Summary: You can prompt your own brain, just as you would GPT-3. Sometimes this trick works surprisingly well for finding inspiration or solving confusing problems.

Language Prediction

GPT-3 is a language prediction model that takes linguistic inputs and predicts what comes next based on what it learned from training data. Your brain also responds to prompts, and often does so in a way that (on the surface) resembles GPT-3. Consider the following sequences of words:

A stitch in time saves _____.
The land of the free and the home of the _____.
Harry Potter and the Methods of _____.

If you read these one at a time, you’ll likely find that the last word automatically appears in your mind without any voluntary effort. Your language prediction process operates unconsciously and sends the most likely prediction to your conscious awareness.

But unlike GPT-3, your brain takes many different types of input, and makes many different types of predictions. When we listen to music, watch movies, drive cars, buy stocks, or publish blog posts, we have an intuitive prediction of what will likely come next. If we didn’t, we would be constantly surprised.

You can take advantage of this knowledge by prompting your brain and causing it to activate the relevant mental processes for whatever you're trying to do.

Writer’s Block

When you stare at a blank page and struggle to find inspiration, the easy explanation is that you have no prompt. The brain has nothing to predict. That’s why one of the most common solutions to writer’s block is to put something, anything down on the page. Now the brain has a prompt!

If you’re writing fiction, you can start with a template like “my protagonist lives in _____ and wants to _____”. If you’re writing nonfiction, you can use an information-based template like “more people should know about _____” or “I wish I knew about _____ sooner”.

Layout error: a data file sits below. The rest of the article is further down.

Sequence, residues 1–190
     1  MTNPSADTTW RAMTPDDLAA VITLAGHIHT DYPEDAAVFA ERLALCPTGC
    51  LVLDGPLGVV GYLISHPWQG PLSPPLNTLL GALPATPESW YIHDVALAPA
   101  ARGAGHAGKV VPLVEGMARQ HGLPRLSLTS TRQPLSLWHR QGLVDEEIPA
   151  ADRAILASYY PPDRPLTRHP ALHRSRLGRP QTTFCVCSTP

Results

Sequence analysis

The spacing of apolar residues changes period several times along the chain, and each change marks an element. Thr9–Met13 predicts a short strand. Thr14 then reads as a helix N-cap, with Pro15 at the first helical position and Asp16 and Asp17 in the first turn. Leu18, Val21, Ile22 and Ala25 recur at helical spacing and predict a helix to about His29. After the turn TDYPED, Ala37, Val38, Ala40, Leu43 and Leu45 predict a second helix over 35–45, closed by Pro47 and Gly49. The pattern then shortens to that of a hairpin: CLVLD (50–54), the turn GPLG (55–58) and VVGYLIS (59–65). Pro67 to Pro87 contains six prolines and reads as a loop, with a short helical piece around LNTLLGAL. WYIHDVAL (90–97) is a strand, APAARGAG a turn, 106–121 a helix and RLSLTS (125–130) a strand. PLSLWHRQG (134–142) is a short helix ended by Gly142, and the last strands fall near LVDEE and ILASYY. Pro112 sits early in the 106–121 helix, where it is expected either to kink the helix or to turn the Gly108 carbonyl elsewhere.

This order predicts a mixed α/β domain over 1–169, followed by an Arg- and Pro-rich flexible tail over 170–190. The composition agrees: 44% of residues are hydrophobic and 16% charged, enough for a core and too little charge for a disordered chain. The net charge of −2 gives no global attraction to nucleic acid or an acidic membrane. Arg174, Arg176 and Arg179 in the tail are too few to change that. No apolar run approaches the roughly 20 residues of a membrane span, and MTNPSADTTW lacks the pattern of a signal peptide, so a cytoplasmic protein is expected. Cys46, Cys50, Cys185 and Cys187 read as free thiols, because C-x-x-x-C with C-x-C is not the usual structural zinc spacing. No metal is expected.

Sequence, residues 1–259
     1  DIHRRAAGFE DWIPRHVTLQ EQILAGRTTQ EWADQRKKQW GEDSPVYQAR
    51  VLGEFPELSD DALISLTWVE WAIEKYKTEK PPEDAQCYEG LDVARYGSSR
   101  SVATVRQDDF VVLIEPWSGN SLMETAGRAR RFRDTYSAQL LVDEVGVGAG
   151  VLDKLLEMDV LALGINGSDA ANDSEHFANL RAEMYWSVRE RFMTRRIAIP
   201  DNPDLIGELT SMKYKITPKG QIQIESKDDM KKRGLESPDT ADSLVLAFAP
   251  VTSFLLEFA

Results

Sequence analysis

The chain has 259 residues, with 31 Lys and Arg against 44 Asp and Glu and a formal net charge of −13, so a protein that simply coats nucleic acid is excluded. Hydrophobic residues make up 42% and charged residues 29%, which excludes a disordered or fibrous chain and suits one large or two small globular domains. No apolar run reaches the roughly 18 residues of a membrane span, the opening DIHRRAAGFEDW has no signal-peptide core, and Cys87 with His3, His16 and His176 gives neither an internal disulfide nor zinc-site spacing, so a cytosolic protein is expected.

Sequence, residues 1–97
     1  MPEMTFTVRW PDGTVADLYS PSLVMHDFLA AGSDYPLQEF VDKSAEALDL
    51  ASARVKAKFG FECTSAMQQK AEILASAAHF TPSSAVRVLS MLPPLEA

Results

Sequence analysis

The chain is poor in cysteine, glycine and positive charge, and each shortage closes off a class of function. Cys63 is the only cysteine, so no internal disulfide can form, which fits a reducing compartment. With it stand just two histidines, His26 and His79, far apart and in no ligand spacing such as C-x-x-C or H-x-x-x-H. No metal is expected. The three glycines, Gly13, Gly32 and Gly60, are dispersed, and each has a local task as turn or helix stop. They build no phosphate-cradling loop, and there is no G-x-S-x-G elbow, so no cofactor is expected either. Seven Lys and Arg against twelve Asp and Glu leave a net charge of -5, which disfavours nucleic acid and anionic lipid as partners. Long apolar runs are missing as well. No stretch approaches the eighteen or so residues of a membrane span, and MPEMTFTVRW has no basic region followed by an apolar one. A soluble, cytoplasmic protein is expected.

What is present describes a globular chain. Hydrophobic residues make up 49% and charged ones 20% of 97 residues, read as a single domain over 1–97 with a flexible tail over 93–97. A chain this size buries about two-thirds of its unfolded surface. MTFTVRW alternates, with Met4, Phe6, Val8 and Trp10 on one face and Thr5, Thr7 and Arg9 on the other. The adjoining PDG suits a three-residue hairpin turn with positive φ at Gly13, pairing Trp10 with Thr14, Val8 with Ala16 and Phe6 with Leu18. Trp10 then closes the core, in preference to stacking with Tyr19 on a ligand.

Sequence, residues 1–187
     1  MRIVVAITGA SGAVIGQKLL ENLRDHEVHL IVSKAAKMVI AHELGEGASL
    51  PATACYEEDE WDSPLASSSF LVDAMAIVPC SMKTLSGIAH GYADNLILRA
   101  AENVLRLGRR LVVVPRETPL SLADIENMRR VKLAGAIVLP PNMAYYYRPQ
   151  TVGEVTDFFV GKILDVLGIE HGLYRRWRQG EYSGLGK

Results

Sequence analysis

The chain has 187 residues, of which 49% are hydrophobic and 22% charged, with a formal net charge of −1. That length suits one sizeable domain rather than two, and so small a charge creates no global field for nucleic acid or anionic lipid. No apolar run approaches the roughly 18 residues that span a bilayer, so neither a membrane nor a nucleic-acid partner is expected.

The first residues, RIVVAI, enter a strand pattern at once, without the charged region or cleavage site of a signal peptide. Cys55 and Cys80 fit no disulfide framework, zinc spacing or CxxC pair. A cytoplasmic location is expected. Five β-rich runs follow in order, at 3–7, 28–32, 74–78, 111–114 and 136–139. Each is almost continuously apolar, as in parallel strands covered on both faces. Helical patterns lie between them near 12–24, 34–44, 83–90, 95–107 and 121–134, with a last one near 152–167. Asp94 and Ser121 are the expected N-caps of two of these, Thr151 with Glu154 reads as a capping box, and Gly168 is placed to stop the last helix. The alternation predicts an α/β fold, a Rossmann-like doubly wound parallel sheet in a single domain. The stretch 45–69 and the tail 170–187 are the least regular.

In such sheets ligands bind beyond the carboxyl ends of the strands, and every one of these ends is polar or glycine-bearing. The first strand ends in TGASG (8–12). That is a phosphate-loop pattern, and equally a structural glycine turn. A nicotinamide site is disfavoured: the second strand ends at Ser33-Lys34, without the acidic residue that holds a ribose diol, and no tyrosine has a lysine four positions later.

The need for creative ideas might seem obvious to your conscious mind, but often the rest of your brain just doesn’t know what you want it to do. The more context you provide, the more likely your brain is to give you a good answer.


The babble method (generate lots of output with low standards) works in part because it gives the brain a prompt for generating ideas.

A babble prompt might look like this:

50 ways to earn more money next year:

  1. Switch jobs
  2. Ask for a promotion
  3. Start a new business
  4. Etc.

Before writing down the prompt, the brain isn’t sure it’s supposed to be generating these kinds of ideas. Now it has a clear task, and a format in which to generate the output.

Problem Solving

If you’re trying to solve a confusing or difficult problem, sometimes you’re just stuck in a loop of unproductive thinking.

There are many prompts you can use in this situation:

The obvious thing to do here would be to _____.

If somebody smart were in my situation, they would _____.

With this kind of problem, the trick is usually to _____.

I always get stuck here, and the solution always turns out to be _____.

These kinds of prompts get your brain to think in a very particular way, and it can help disrupt the cycle of thinking that got you stuck.

Your brain is not the same as GPT-3, but this kind of prompting works because you also have predictive processes that react to input. We often think of ourselves as abstract entities with total control over our cognition, but we’re really more like collections of mental faculties that operate in certain ways given certain inputs. These tricks might be somewhat embarrassing to use in that sense, but they can be very effective.